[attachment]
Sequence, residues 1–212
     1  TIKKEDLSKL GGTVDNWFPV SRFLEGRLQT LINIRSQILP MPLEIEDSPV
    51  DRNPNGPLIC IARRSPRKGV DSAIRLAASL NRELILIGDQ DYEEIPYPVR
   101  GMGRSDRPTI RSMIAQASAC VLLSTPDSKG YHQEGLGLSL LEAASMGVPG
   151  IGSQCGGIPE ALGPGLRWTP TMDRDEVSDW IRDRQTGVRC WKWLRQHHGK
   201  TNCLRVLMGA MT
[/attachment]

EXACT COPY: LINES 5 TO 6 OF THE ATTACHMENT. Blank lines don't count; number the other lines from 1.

   151  IGSQCGGIPE ALGPGLRWTP TMDRDEVSDW IRDRQTGVRC WKWLRQHHGK
   201  TNCLRVLMGA MT